Lomachenko wasn't the only 2012 Olympic champion to face a notable foe, as Middleweight sensation Ryota Murata began his career with a bout against the then OPBF champion Akio Shibata (then 21-7-1, 9). Murata was expected to to be tested but bulldozed Shibata in 2 rounds, dropping the more experienced man in the opening stanza before forcing a stoppage. Interestingly Shibata has since unified the OPBF and Japanese titles, showing just how impressive this was a debut.
Kosei Tanaka (November 10th 2013)
Just months after Murata made his debut we saw wonderkid Kosei Tanaka make his debut as he took on the then world ranked Oscar Raknafa (then 12-4, 5). On paper it looked like a good test for the 18 year old “KO Dream Boy” thought it turned into a show case for the quick and skilled Tanaka who dropped Raknafa en route to a clear 6 round decision win for the youngster. Since the win Tanaka has raced to the top and claimed the WBO Minimumweight title in just his 5th pro bout, just over 18 months after this win. He'll be defending that title on December 31st against Vic Saludar.
Takuma Inoue (December 6th 2013)
Naoya Inoue's younger brother Takuma Inoue also made an impressive debut as he faced Japanese ranked foe Tatsuya Fukuhara (who was 12-3-3, 3). The bout saw the then 17 year old Takum take a clear 6 round decision though was asked question by Fukuhara who later went on to prove his worth by fighting to a draw with Fahlan Sakkreerin Jr and will be fighting for a Japanese title this coming Sunday. Since the win Inoue has claimed the OPBF title and strung together a series of good wins as he has began knocking on the door of a world title fight. He'll be next in the ring in December to defend his regional title.
Ken Shiro (August 3rd 2014)
The most recent Japanese youngster to make a statement on his debut was Ken Shiro who debuted just 15 months ago against experienced Indonesian Heri Amol (then 36-17-4, 15). Amol wasn't a major threat but was a reasonable threat given that he had previously fought for the PABA and OPBF titles and had held other, minor, regional titles. Ken Shiro however proved his class with a dominant win over the Indonesian who was left chasing shadows through out the bout. Since the win Ken Shiro has claimed the WBC title and is now preparing for a Japanese title fight, set to take place in December.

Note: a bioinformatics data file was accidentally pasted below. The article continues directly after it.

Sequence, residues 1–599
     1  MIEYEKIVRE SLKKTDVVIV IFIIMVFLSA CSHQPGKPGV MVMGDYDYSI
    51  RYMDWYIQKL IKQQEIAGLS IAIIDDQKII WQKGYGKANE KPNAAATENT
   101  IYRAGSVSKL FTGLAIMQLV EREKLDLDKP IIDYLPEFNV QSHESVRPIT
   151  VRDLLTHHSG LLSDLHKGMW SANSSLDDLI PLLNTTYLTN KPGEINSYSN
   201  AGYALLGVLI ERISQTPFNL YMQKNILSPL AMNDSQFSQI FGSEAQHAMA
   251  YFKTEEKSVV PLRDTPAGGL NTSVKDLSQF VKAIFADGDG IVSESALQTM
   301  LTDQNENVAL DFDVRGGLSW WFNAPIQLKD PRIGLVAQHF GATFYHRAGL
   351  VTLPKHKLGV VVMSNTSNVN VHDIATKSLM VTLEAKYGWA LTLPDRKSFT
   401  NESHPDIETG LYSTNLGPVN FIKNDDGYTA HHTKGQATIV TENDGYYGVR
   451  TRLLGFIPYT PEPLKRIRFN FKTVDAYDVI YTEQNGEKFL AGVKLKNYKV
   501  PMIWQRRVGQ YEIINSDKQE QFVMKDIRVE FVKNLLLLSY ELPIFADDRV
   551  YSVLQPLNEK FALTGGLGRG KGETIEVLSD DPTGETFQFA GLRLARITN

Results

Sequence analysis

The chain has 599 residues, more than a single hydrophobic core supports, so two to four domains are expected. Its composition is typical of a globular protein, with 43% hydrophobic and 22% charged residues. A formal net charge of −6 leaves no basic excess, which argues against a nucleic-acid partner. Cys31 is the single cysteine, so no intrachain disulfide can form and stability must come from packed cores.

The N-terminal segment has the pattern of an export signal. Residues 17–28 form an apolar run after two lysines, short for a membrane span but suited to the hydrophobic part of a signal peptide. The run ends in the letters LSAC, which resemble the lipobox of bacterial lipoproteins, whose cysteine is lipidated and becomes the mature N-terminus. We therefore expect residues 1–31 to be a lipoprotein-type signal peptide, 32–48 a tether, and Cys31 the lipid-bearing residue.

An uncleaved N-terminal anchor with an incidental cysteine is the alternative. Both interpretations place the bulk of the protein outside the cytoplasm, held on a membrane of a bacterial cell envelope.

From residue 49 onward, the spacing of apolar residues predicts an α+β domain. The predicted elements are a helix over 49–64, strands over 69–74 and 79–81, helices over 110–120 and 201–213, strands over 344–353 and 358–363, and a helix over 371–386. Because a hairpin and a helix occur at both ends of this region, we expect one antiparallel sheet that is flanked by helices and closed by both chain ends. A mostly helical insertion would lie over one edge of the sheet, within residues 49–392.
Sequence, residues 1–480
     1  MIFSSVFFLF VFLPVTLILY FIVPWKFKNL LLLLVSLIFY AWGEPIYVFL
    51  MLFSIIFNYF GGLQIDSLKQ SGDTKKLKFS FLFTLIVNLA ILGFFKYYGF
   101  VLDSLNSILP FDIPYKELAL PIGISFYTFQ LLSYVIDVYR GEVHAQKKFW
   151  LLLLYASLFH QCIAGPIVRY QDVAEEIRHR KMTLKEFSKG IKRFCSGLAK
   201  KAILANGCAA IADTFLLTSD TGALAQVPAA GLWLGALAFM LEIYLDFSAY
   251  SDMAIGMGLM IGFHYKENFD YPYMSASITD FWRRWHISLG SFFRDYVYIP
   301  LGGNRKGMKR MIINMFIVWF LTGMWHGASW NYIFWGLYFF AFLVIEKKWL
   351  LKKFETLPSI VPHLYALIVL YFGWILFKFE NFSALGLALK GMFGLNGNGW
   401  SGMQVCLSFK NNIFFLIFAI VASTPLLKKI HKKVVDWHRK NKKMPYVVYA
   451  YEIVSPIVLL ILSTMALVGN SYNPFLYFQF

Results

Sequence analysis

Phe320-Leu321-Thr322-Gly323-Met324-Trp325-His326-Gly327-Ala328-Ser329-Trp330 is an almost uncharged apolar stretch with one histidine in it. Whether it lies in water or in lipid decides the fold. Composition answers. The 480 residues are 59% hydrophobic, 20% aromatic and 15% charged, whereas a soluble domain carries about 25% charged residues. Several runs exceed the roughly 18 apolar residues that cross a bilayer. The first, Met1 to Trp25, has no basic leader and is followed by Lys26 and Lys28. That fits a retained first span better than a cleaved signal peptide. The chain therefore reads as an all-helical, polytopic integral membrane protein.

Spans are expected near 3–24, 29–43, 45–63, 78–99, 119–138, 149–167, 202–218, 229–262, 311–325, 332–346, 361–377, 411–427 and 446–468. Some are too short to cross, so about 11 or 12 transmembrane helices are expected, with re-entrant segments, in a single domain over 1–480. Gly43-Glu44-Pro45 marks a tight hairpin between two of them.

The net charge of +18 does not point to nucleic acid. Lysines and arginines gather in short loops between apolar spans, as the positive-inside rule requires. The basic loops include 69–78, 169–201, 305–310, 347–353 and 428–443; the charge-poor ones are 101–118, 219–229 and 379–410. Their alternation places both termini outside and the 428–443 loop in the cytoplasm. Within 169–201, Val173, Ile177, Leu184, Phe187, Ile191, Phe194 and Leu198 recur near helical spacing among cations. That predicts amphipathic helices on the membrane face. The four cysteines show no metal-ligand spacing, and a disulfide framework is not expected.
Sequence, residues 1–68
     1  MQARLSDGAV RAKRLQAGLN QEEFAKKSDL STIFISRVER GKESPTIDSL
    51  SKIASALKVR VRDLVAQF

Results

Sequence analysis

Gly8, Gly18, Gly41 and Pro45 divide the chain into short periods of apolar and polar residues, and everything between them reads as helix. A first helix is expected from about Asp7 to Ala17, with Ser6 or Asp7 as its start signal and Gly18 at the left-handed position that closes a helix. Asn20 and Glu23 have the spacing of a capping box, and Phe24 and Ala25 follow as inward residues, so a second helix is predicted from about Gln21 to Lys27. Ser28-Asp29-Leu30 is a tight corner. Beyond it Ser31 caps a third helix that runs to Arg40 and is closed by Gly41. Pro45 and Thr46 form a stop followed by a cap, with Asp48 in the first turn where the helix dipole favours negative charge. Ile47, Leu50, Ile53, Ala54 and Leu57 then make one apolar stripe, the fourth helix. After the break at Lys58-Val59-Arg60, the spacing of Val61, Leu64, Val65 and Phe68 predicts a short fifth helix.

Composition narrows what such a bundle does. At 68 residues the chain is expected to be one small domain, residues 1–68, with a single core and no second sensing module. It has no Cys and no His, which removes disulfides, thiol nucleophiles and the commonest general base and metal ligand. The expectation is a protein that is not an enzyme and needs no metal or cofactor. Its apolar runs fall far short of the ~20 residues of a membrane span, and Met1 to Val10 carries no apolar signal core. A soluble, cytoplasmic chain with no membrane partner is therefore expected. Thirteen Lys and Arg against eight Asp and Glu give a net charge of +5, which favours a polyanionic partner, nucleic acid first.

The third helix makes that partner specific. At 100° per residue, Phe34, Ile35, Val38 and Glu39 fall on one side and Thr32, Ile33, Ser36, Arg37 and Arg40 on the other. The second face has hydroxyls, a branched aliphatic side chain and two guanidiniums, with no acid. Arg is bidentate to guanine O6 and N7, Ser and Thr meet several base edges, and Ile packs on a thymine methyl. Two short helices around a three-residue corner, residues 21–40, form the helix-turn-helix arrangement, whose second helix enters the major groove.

Of Course not all fighters who fight in tough debuts go all the way. A few example of these include-
Pete Rademacher (August 22nd 1957)
American fighter Pete Rademacher was the 1956 Olympic Heavyweight champion who likely faced the toughest debut in history, facing the then Heavyweight champion Floyd Patterson (then 32-1, 23) in what was regarded as a gross mismatch. The 28 year old Rademacher dropped Patterson in round 2 though was dropped numerous times before being stopped himself in round 6. Despite losing to Patterson, and then Zora Folley in his second bout, Rademacher did notch himself some worthwhile wins, including victories over LaMar Clark, George Chuvalo and Bobo Olson.
Rafael Lovera (September 13th 1975)
Paraguayan fighter Rafael Lovera made his debut in a bout for the WBC Light Flyweight title as he faced Luis Estaba (then 28-7-2, 20). The Paraguayan was some how ranked by the WBC Ranking Committee who appeared to believe that Lovera had actually had some experience as a professional though, in the days before boxrec, checking wasn't done in a particularly way and for whatever reason Lovera manage to debut in a title fight, like Rademacher. Sadly for Lovera he was stopped in 4 rounds by Estaba in what appears to have been his only bout as a professional boxer.
Arturo Mayan (January 7th 1994)
Not much is known about Arturo Mayan though it's widely believed that he holds the record for the shortest career of any world title challenger, with a career that lasted just 90 seconds. That 90 seconds came in his debut, an opening round blow out loss to Puerto Rican Alex Sanchez (then 12-0, 9). Sanchez was making the first defense of the WBO Minimuwmeight title, which he had won just weeks earlier, and did so with easy in what appears to have been a bout that really was a farce.
We know we have missed some notable debuts from this short list, but we hope we have covered many of the most notable ahead of Maruta's highly anticipated match up with Canoy.
This is just an opinion, maaaan! It's easy to share our opinions, and that's what you'll find here, some random opinion pieces